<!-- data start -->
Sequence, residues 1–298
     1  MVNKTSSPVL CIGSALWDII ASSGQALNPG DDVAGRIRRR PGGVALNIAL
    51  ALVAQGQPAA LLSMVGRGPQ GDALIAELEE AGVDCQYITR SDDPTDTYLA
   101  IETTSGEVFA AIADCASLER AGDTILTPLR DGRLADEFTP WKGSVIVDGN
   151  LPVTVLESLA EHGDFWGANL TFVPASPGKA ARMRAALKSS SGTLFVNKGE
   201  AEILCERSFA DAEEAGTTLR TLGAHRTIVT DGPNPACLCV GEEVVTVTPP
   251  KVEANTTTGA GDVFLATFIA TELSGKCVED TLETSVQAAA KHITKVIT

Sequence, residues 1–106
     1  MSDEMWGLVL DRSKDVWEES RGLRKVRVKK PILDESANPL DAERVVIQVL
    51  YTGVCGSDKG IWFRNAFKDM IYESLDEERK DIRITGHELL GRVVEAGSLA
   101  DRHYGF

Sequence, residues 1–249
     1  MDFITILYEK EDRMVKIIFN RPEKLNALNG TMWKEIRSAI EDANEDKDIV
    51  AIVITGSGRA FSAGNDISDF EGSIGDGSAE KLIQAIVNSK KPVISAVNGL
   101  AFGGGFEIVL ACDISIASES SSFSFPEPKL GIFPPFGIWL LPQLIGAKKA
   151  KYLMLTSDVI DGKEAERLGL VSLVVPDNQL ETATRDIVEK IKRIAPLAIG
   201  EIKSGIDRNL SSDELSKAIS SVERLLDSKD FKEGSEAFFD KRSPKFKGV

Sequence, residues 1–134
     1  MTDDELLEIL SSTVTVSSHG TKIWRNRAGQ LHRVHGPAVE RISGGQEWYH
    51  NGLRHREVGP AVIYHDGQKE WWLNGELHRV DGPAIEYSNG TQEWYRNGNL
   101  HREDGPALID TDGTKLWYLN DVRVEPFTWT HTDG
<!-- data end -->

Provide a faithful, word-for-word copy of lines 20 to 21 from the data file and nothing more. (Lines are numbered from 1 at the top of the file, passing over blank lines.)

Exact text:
    51  NGLRHREVGP AVIYHDGQKE WWLNGELHRV DGPAIEYSNG TQEWYRNGNL
   101  HREDGPALID TDGTKLWYLN DVRVEPFTWT HTDG